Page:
However, not everyone is in favour of the Atlantica trade bloc concept. A vocal opposition Atlantica has coalesced since the 2006 conference in Saint John. Opponents of Atlantica see it as an attack on organized labour, social standards and the environment. Many are opposed to the globalization of trade and any attempt at closer economic ties with the United States. A small group of protesters briefly interrupted the 2006 conference and Atlantica opponents are promising to bring thousands to protests in Halifax.

Charles Cirtwill, acting president of the Atlantic Institute for Market Studies, says it will take time for the seven-year-old Atlantica concept to reach its full potential.

“It always takes a bit of time to get this kind of mental gymnastics underway,” he says. “We’re talking about adjusting the way people think about the regions in which they live and to think about the inter-relationships that they have. It takes a lot of work and a lot of effort.”

Cirtwill says the Atlantica concept has gone from just being discussed by a few voices to being embraced by business leaders throughout Atlantic Canada.

“Most of what’s happening around Atlantica, even over the last seven years, has been a conversation in recognizing the reality around it as opposed to trying to shape or guide it at this stage.”

Some progress has already been made on Atlantica, with infrastructure such as the Maritimes & Northeast Pipeline providing gas from offshore projects in Nova Scotia to the U.S. market. The recently approved $350 million Emera Brunswick Pipeline – along with the $750 million Canaport liquefied natural gas terminal in Saint John – is also a link between Atlantic Canada and the New England states.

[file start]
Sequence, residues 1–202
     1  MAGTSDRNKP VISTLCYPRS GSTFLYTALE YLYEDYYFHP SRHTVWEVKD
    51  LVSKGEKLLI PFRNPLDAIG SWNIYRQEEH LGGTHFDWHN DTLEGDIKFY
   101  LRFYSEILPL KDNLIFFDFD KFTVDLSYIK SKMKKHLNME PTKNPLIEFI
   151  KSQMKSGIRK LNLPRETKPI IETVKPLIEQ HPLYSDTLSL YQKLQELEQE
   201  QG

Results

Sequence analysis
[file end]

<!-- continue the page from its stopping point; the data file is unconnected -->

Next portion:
As well, Irving Oil’s proposed $7-billion Eider Rock oil refinery, if it is constructed, would be the largest single example of infrastructure designed to take advantage of the concept of closer trade ties within Atlantica.

There is also the new international electrical transmission line between Maine and New Brunswick.

Beyond energy projects, construction on the new international border crossing in St. Stephen stands as an example of progress being made on the Atlantica concept’s transportation initiative.

There are also more subtle ties being forged between the provinces and states, including the appointment of American Jonathan Daniels, the president and chief executive officer of Eastern Maine Development Corp. as the next chairman of the Atlantic Provinces Chamber of Commerce.

Daniels says his major focus over the coming year will be on drumming up more American interest in Atlantica.

“In many respects it is a tough sell,” he says, adding, however, that he expects more business and political leaders south of the border will support Atlantica as they learn more about it.

“Once they see it and once they see the success, it’s easy to get them to spread the word.”

To convince Americans about the value of Atlantica, he hopes to bring the next conference to the United States.

“That in itself is going to be a show and it’s going to be much easier for people from this area and the states to get here. With that, I think it’s just a matter of time.”

“I think we’ll see quite a bit of progress over the next year.”